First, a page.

Formerly 'Rambling with a cantankerous old mule"
This is a very difficult post for me to write. I’m not in high spirits as I lie here on the double bed in the house I’m looking after in Pretoria, South Africa – down duvet pulled warmly up to my chest. It’s winter; the cold weather has finally rolled in like a wave. Even I, who don’t get cold easily, have felt it creeping into my bones …
… Last Thursday night, after attending a musical in the inner city I drove the streets, keen to capture a different side to a city I know so well in the daylight.
But instead of being struck by the beauty of the city at night, I was grieved by the number of people sleeping in every nook or cranny that could shelter them from the cold. I saw some who had blankets, others who were huddled in the foetal position with jackets pulled tightly about them. Some lay close to each other for warmth. Many have come to town looking for work, and just can’t return home in the evenings; or afford accommodation in the city. They have no option but to live on the streets …
I thought about the insecurity, fear, loneliness and hunger they must bed down with every night. And I felt helpless. Days earlier I had walked the same streets and had emptied my wallet bit by bit to people asking for food, soap or something hot to drink. As an individual I can only do so much – in fact, over the years I have chosen a lifestyle below my income so that I could be more generous. But I can only do so much… so much, which always seems too little. And as I drove past the countless forms littered in doorways I couldn’t help but think that our government had failed them. Our government of fat-cats who regularly point blaming fingers at Apartheid and racist white people for all that ails our country.
But it’s been 18 years since Apartheid ended in 1994 – too long a time to continue falling back on that excuse. We see elected officials misspending government money: holding lavish state-funded parties, crashing luxury state cars and living it large in government-funded mansions. I read an account recently about the Gauteng MEC for Local Government and Housing who has been accused of buying an artwork worth R10 000 ($1250) from fast food outlet McDonalds with his government-issued credit card, and then trying to pass it off as a purchase for hamburgers. (At that price he could have bought a hamburger for every person on the street and still had change left over).
And so it seems that it will come down to righteous businesses, non-government organisations and individuals to make a difference to the poor, whether they “deserve” it or not. Like friends who took all the blankets they could find on Tuesday night and gave them to the homeless on Church Square. Or another group who collected money for 80 pairs of shoes to give away to the needy in the inner city over the weekend. Or my (white) friend who recently moved with his whole family to Hillbrow, an area in Johannesburg that has not had white residents “for a very long time.”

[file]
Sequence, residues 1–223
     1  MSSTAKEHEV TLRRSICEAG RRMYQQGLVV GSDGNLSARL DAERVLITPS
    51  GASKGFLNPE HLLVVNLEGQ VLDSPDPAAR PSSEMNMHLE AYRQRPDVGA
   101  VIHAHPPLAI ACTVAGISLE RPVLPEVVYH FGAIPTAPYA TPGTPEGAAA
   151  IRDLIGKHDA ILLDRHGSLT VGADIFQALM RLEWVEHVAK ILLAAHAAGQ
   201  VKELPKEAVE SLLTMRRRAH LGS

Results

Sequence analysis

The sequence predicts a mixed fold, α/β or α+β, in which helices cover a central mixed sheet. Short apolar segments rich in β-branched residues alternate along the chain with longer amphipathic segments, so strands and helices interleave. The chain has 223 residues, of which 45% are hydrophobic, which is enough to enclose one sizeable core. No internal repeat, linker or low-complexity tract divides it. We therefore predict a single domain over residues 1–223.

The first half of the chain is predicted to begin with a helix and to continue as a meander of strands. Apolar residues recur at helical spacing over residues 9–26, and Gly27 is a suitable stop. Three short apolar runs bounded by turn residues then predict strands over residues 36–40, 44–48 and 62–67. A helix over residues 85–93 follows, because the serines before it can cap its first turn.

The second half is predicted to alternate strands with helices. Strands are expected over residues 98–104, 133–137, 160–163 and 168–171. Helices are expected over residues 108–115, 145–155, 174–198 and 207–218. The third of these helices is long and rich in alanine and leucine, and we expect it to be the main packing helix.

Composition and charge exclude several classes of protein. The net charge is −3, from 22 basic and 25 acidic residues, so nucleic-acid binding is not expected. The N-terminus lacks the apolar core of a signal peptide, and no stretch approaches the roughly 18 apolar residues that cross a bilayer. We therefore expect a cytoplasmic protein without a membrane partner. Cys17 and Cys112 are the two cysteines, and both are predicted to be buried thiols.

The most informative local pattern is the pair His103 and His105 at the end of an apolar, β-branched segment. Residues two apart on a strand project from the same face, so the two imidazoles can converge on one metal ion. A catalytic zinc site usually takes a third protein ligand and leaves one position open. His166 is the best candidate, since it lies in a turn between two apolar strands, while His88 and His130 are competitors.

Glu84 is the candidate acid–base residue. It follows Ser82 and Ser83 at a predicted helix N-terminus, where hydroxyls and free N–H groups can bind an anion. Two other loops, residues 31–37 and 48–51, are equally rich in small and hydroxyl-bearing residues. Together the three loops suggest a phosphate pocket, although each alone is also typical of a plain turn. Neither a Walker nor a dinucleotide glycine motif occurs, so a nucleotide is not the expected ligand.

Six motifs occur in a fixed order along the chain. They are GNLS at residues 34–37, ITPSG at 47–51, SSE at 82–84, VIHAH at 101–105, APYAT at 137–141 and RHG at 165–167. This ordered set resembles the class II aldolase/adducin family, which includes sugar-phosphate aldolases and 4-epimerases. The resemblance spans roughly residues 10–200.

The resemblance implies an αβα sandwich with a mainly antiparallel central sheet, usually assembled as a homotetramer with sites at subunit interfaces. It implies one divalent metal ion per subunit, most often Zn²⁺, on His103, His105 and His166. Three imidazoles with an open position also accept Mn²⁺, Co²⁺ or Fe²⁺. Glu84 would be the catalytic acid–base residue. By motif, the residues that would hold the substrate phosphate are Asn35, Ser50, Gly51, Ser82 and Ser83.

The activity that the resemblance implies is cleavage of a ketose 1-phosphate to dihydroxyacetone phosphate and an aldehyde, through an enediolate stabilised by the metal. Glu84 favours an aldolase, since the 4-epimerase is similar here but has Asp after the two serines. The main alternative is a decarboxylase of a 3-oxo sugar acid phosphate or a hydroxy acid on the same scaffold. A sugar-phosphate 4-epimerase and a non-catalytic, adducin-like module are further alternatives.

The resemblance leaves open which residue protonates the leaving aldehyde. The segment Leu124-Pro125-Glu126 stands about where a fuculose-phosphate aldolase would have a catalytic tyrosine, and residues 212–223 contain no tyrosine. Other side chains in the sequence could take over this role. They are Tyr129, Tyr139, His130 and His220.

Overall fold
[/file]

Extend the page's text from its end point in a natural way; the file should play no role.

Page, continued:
Here are some of his views:
“We should always be fighting for the rights of the poor, oppressed and disadvantaged to have equal access to services which provide human dignity because no person is worth more than anyone else … Cities attract the broken and hurting – in fact, the new centres of poverty world-wide are the city centres. Most cities do not have formal programmes to cater for the influx of the poor that come to seek a better life. How do you create a place of dignity for those seeking refuge en masse in cities? We need to recognise this and work out how to deal with this.
“I used to say you (shouldn’t give money) to beggars as it can perpetuate the problem but I guess I have relaxed. I have gone through phases of giving clothing to the naked, food to the hungry, drink to the thirsty etc. I have taken food in my car to distribute at traffic lights and I have also tried at times to make time to take people out for a meal – to share my food with the hungry. The bottom line … is that relationship is key. How can I not help my friend in need? My relationships with the poor have led me to rethink my budget. How can I live in such extravagance when my friends suffer so badly?
“We have unfortunately been taught to harden our hearts … but relationship with the poor keeps them soft!”
This is an emotional post. I’ve been challenged. I don’t know what difference I can make to the poor. But I do want to continue to try.
What is your opinion on the relationship between the rich and the poor? Do you think the rich have a responsibility towards the poor? How do you feel about the widening gulf between rich and poor? Do the poor have rights, whether they pay taxes or not, or should they just be left to fend for themselves? And – how do these images make you feel?
I have been blogging here since around April 2011 - my little place on the blogosphere to express myself creatively. As a teenager I used to write a diary - in fact, as a 17-year-old living in Belgium, I wrote religiously every day. Fortunately the Internet didn't exist back then because my ramblings as a teenager were ever-so-slightly dark, cynical and depressing. You won't find much of that here. Also, mostly, I try not to get too deep or philosophical in this forum - I'd like my photography to uplift and inspire, and, where I can, I try to bring a bit of humour into my writing too. I've been fortunate enough to travel extensively and have made many friends across the globe. This is my spot to keep in touch with them.